This book was brought to me by the Early Review program at LibraryThing. This is my 27th? book. I think. Sometimes writing these reviews scares the crap out of me. What if I have no clue what I’m talking about? What I love a book although I don’t understand it? Such is the case with Sandman Slim.I honestly do not know how to describe this book. Horror? Fantasy? Supernatural? Funny as all hell (pun totally intended)? Kadrey has the sarcasm and biting wit that keeps Sandman Slim down to Earth, yet the violence and creatures main character James Stark encounter is nothing short of unearthly. Stark is back from Hell (literally), although he calls it Downtown. He prowls his way through LosAngeles witha score to settle with the magic circle – particularly one Mason Faim – responsible for killing his girlfriend, Alice. James has ammunition, a fortune-telling coin (reminiscent of the Joker in the latest Batman flick), a black bone knife, an infernal key that unlocks more than just a simple door and a 200 year old friend named Vidocq. Sandman Slim is full of interesting characters and Kadrey takes full advantage of bringing them to life even when they should be dead (James himself walks around withtwo bullets rattling around in his ribcage). My favorite scenes are the flashbacks with Alice. The entire time I was reading Sandman Slim I kept thinking it would make a great movie. I would cast Anthony Bourdain as the lead.
Another thing I wanted to add is that this copy looks and feels good. I don’t know about you, but I love when a good just feels good in my hands.
Line I hope is kept: “She goes into the kitchen, rattles some drawers, and comes back with a hefty kitchen knife. Nice. She’s getting into the spirit of things” (132). This is a scene when James is trying to convince someone she can’t hurt him. Literally. Love it.
Proulx, Annie. Close Range: Wyoming Stories. New York: Scribner, 1999.
I am fascinated by Wyoming. Have been ever since I was a teenager. I think it started when a boyfriend of mine enthralled me with stories of Coffin Lake. It sounded so beautiful and wild and so far away. Close Range is a collection of short stories that take place in Wyoming. Here is a list of the short stories:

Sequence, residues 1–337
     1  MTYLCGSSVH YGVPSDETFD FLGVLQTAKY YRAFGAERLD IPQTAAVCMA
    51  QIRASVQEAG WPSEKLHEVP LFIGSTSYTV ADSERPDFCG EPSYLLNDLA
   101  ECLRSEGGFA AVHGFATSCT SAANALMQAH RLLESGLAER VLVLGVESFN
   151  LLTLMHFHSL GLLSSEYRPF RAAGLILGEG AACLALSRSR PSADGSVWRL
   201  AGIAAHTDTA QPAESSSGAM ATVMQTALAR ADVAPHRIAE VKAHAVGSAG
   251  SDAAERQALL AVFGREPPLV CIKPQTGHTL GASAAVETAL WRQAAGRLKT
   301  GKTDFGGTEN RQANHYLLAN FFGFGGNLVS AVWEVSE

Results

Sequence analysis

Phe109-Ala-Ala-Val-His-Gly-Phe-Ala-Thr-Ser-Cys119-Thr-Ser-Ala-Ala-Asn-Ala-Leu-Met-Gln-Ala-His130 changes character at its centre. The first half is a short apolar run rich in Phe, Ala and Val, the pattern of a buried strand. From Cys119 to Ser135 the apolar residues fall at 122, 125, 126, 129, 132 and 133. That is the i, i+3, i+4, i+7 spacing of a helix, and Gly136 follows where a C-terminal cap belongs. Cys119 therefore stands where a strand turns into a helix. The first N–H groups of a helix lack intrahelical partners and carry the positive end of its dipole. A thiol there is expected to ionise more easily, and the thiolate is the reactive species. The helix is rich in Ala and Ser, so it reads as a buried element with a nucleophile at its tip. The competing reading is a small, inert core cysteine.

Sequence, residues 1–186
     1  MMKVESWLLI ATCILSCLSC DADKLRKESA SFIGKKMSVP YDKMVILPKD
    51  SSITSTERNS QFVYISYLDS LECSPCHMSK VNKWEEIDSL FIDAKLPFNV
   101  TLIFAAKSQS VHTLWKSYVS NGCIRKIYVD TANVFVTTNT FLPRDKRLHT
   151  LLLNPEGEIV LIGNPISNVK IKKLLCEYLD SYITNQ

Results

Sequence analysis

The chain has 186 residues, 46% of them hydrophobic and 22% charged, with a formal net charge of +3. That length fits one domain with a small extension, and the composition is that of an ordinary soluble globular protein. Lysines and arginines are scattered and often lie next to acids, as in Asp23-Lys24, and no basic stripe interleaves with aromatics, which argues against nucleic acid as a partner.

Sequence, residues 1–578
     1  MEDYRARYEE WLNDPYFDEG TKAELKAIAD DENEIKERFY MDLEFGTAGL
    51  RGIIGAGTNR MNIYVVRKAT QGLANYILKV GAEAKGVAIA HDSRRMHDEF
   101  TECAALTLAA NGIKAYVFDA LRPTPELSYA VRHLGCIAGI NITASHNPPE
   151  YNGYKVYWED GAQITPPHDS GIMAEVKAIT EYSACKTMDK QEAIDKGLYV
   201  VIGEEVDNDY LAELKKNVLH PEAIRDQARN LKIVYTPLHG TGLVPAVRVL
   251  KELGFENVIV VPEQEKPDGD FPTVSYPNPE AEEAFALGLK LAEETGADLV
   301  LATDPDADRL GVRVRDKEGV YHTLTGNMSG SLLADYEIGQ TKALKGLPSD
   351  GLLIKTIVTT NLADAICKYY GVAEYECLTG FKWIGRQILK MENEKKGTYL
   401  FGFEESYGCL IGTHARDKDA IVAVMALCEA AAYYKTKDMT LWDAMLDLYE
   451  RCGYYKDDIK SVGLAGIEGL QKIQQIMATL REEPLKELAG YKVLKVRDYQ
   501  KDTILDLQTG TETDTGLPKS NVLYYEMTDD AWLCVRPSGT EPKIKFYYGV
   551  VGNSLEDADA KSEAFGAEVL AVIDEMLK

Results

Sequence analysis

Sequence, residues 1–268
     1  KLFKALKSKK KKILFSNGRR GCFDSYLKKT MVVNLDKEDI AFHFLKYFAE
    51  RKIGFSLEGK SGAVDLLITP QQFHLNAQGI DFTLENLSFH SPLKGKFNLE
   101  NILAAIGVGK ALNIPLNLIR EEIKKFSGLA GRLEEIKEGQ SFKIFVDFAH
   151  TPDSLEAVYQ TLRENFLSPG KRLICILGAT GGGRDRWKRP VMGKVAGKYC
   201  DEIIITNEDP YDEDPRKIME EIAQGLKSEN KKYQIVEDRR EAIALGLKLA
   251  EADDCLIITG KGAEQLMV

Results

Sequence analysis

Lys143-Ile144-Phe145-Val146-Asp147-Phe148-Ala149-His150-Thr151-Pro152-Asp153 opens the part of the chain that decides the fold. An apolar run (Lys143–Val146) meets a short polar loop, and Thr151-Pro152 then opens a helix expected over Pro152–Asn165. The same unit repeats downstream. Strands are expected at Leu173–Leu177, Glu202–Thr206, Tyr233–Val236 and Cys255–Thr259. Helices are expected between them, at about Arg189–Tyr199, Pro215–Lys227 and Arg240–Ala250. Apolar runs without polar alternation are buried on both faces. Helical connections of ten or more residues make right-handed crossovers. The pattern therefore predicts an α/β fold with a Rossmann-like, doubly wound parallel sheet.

- “The Half Skinned Steer” ~ a creepy story about an over-eighty year old man who travels from New England to Wyoming by car for his brother’s funeral. It’s an odd story because he and his brother weren’t close. Favorite line, “He wanted caffeine. The roots of his mind felt withered and punky” (p 29) and “He traveled against curdled sky” (p 34).
- “The Mud Below” ~ a desperate tale about a man obsessed with bull riding because it’s all he knows how to do.
- “Job History” ~ Literally, a fast-forward version of the job history of Lee Leland.
- “The Blood Bay” ~ okay, I admit it. I don’t know how to describe this story. Just read it for yourself!
- “People in Hell Just Want a Drink of Water”
- “The Bunchgrass Edge of the World” ~ Girl talks to a tractor.
- “Pair a Spurs” ~ favorite line, “I get the rough end a the pineapple every day” (p 153).
- “A Lonely Coast”
- “The Governors of Wyoming”
- “55 Miles to the Gas Pump”
- “Brokeback Mountain” ~ I think everyone knows this story, thanks to the movie.
Confessional: I read Close Range at the same time as Stillmeadow Road by Gladys Taber. Bad idea. Not because one made the other worse. It was just that they were too completely different books and the contrast made it difficult for me to concentrate.
Close Range: Wyoming Stories sets a very harsh, violent, sad landscape for its characters. Poverty and a sense of futility is in every story. Every situation is a lesson in survival and dealing with the crappy hand you have been dealt. Words like stark and bleak and depressed come to mind. The characters are born into a way of life that has barely any opportunity for change. There is no easy means of escape. The brutality of the landscape is matched only by the grit of its inhabitants.
BookLust Twist: From Book Lust in the chapter called, “Companion Reads” (p 64).